‘That is not the case with the moon as its passage through the heavens is governed by its complex elliptical orbit of the earth. That orbit results in monthly, rather than seasonal variations, as the moon moves through its lunar cycle. The result is big differences in the timing of its appearance and its trajectory through the sky.’
Here are his recommendations for getting a great shot.
Firstly, invest in a lens with optical zoom.
‘Essentially, I’ll have two choices, shooting wide to capture the moon in the context of the landscape, or framing the moon tight in the frame, so we can see every crater on the asteroid pockmarked surface.
‘The latter is a task normally reserved for astronomers with super powerful telescopes, but if you’ve got a long telephoto lens on a full frame DSLR with around 600 mm of focal length, it can be done, depending on the composition. I will be using the Canon EOS R with an EF 200-400mm f/4L IS USM Ext. 1.4 x lens, and also the ubiquitous 24-70mm f2.8 L III for the wider shot.’
Next: use a tripod to capture the intimate details.
‘As you frame up your shot, one thing will become immediately apparent; lunar tracking is incredibly challenging as the moon moves through the sky surprisingly quickly.
‘As you probably be using a long lens for this shoot, it’s important to invest in a sturdy tripod to help capture the best possible image. Although it will be tempting to take the shot by hand, it’s important to remember that your subject is over 384,000km away from you and even with a high shutter speed, the slightest of movements will become exaggerated.’
Thirdly, integrate the moon into your landscape.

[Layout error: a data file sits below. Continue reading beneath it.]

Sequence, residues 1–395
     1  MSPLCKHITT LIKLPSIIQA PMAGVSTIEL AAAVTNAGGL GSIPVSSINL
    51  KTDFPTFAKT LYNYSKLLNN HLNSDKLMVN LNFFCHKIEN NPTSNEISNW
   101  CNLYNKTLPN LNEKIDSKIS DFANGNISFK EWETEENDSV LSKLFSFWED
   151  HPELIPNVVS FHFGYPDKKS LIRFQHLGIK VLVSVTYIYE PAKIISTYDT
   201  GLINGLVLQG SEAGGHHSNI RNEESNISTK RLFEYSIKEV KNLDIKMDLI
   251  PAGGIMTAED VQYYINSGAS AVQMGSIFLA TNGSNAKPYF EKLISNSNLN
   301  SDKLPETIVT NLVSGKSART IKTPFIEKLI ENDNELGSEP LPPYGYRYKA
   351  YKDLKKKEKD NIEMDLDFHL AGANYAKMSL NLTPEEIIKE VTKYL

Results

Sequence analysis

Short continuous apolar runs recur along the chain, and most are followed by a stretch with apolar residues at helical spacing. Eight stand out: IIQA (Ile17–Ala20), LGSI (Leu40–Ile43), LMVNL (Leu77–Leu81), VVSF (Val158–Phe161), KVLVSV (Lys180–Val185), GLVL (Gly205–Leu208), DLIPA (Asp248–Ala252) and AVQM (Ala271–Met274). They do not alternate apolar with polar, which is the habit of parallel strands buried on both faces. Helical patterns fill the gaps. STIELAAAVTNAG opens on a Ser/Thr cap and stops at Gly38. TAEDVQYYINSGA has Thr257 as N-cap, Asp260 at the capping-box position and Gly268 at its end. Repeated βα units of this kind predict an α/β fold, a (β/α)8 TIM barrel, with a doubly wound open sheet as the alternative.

‘Whilst images of the moon large in the frame can be beautifully detailed, they are essentially astronomical in their appeal.
Personally, I’m far more drawn to using the lunar allure as an element in my landscapes, or using the moonlight as a light source.
‘The latter is difficult, as the amount of light the moon reflects is tiny, whilst the lunar surface is so bright by comparison. Up to now, night photography meant long, long exposures but with cameras such as Canon’s EOS-1D X Mark II, Canon’s EOS 5D Mark IV and Canon’s recently launched, EOS R now capable of astonishing low light performance, a whole new nocturnal world of opportunities has been opened to photographers.’
And finally, master the shutter speed for your subject.
‘The most evocative and genuine use of the moon in landscape portraits results from situations when the light on the moon balances with the twilight in the surrounding sky. Such images have a subtle appeal, mood and believability.
‘By definition, any scene incorporating a medium or wide-angle view is going to render the moon as a tiny pin prick of light, but its presence will still be felt. Our eyes naturally gravitate to it, however insignificant it may seem. Of course, the issue of shutter speed is always there; too slow an exposure and all we’ll see is an unsightly lunar streak, even with a wide-angle lens.
On a clear night, mastering the shutter speed of your camera is integral to capturing the moon with a shutter speed fast enough to stop the motion from blurring. How fast will depend on your focal length, but if you’re filling the frame with the moon using a long lens you’re going to need a shutter speed of about 1/250th sec.’
When is the next Blood Moon?
This Blood Moon is actually the first of two set to take place in 2022.
The next Blood Moon will happen on November 8, 2022.
It will be visible, at least partly, from the UK as well as in Asia, Australia, North America and most of South America.